Fixing stuttering audio with Bluetooth headphones on Windows 10


This post isn't related to web development but I thought it might help someone out there. I recently upgraded my headphone to the fantastic Bose QC35II. When trying to connect them to my PC using Bluetooth, the quality wasn't the greatest. Here's how I fixed the problem.

The problem

The actual sound quality was pretty good, and they worked great with my phone as well as when plugged into my PC directly, however, when using Bluetooth through Windows 10, there was some latency/lag issues when watching YouTube videos, as well as general choppy audio, like the signal was cutting in and out, and it was struggling to keep its signal. 

This shouldn't be the case. Although I'm only using a cheap $10 Bluetooth 4 USB dongle on my PC, it has an advertised range of 20 metres. I get a similar range when listening to music on my Galaxy S8, so I know Bluetooth is better than that.

I heard somewhere that the signal strength of Bluetooth has less to do with any antenna or aerial and more to do with the amount of power going to the transmitter. I had the USB dongle plugged into an extension cord, plugged into a USB 2.0 port, so I thought that it might not be getting enough power. I tried plugging it directly into a USB 3.0 port at the back of my PC, and while that helped a little, it didn't completely solve the problem. 

Anyway, for the real reason you probably came to this page...

The solution

If this is happening to you, try the following:

  1. Press the Windows key and start typing "control panel" to find the icon to open the Control Panel. (As of the time of writing, Windows 10 does not have a way to change this setting via the new 'Settings' interface.)
  2. Find 'Devices and Printers' and double-click it. 
  3. Find your paired headphones. The icon may not look like your headphones, but hopefully you should be able to find it.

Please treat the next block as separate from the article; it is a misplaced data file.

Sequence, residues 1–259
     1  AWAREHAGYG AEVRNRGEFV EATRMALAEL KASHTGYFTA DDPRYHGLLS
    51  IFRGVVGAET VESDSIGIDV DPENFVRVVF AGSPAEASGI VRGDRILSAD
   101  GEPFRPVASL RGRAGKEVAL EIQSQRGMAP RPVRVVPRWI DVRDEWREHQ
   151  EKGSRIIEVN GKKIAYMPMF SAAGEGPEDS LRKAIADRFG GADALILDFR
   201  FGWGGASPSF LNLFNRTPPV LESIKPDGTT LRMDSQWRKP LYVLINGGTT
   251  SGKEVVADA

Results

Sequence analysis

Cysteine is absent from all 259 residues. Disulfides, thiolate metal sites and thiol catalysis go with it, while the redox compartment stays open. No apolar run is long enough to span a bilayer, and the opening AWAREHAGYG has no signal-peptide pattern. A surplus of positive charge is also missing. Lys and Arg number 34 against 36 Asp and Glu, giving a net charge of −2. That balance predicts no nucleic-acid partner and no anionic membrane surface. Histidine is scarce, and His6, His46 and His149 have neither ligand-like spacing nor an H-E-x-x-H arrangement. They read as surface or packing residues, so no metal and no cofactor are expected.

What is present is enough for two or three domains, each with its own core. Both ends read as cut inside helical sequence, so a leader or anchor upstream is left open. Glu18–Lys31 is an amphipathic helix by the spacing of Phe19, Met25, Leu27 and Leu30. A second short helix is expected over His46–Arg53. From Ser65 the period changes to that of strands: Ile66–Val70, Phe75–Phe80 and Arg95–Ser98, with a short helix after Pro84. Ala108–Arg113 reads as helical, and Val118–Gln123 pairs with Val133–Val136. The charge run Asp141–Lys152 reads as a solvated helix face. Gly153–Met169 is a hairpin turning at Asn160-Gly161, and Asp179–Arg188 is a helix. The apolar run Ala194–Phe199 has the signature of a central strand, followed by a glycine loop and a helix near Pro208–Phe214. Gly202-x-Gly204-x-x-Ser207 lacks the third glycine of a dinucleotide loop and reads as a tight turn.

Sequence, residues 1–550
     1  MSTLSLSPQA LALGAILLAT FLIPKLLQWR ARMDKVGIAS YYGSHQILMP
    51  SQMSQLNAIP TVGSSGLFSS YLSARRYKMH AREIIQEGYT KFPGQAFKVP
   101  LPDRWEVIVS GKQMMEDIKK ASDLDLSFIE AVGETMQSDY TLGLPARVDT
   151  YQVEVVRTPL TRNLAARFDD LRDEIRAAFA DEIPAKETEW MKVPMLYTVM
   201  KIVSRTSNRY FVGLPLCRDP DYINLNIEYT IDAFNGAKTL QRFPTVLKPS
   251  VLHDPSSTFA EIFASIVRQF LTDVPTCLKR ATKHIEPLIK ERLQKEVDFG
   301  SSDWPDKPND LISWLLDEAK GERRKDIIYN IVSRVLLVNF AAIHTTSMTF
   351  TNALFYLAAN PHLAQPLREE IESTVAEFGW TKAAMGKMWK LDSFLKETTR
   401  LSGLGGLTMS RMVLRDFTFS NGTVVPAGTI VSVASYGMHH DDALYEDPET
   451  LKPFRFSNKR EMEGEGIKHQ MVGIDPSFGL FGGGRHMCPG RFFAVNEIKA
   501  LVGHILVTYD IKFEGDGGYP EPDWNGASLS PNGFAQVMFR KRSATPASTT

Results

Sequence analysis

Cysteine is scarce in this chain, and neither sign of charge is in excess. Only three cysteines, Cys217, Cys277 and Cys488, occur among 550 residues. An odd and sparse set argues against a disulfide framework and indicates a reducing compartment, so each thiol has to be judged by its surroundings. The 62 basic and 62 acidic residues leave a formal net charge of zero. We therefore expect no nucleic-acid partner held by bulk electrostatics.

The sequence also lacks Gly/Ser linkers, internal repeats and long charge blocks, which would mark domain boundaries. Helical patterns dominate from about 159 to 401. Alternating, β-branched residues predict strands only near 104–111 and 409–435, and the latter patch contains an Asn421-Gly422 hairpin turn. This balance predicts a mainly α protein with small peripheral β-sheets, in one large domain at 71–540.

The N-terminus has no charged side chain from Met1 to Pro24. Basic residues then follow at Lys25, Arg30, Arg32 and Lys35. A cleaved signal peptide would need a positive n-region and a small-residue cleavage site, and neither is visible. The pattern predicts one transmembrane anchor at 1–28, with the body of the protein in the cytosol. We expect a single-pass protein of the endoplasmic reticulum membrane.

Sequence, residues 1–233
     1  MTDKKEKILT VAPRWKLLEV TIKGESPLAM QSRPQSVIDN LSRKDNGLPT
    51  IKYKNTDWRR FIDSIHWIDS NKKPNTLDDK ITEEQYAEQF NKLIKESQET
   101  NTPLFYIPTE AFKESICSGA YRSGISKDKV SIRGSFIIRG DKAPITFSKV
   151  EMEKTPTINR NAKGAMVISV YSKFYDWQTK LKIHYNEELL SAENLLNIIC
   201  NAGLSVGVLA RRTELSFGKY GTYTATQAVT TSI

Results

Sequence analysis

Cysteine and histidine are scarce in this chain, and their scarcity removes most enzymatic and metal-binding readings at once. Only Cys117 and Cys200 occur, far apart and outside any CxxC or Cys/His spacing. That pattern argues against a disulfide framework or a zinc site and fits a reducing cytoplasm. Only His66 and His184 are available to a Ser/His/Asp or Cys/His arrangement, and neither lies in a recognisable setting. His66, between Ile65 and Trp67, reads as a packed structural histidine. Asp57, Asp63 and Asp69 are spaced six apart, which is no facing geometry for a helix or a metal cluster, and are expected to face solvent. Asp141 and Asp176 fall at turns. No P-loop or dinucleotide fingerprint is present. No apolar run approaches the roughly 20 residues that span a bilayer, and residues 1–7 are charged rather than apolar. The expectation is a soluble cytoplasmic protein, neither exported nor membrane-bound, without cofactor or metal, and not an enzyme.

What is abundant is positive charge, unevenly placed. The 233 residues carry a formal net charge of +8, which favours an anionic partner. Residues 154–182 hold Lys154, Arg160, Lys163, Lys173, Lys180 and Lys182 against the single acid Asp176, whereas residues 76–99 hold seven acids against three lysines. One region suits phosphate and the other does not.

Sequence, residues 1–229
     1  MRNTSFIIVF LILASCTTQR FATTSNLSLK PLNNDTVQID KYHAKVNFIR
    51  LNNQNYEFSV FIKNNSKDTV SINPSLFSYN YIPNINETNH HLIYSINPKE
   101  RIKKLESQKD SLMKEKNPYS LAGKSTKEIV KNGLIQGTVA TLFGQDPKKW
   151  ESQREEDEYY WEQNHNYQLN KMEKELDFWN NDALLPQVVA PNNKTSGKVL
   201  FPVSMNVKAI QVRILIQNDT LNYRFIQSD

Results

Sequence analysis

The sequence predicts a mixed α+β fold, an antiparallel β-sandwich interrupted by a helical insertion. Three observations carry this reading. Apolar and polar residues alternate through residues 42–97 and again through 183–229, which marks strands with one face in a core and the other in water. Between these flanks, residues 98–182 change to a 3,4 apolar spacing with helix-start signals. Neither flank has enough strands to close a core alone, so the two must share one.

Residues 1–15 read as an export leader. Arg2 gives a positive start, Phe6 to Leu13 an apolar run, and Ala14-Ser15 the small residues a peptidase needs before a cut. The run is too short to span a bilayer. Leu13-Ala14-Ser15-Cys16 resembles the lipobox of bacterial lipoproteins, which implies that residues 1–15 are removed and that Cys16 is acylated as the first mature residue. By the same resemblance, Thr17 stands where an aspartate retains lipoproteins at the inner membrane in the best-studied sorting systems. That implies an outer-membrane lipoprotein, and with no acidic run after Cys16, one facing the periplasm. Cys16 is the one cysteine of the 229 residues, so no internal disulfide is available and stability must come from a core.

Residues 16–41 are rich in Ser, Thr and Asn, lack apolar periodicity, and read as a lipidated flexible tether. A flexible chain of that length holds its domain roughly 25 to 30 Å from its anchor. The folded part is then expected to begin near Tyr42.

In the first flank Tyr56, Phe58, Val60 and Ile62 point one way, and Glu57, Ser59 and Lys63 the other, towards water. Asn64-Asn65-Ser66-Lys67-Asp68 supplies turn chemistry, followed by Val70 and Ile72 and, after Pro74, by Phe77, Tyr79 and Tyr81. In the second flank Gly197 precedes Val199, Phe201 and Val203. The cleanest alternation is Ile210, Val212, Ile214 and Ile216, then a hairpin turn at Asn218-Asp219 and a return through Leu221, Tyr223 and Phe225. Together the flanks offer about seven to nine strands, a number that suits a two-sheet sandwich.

4. Right-click the icon and select 'Properties'.
  5. Select the 'Services' tab at the top. 
  6. Under 'Bluetooth Services', if 'Hands-free Telephony' is checked, uncheck it. 
  7. Click OK.

The audio may cut out as it saves the new settings (you may need to adjust your volumes in the Volume Mixer), but with any luck, audio though your Bluetooth headphones should now be buttery smooth!

I'm not 100% sure what this fix actually does, but my theory is that Windows, by default, sets up Bluetooth headphones as if they were telephony headsets, allocating bandwidth to the microphone and prioritising two-way communications and hands-free features. Under-powered Bluetooth hardware has trouble keeping things together, so this fix tells Windows not to worry about all that and just focus on pumping out the tunes. At least that's my take. :-)

I hope this knowledge has helped you as much as it has helped me. If so, why not show your appreciation by shouting me a coffee via my Ko-fi page? (Ah, who am I kidding? You know I'll probably get a beer instead. :-))

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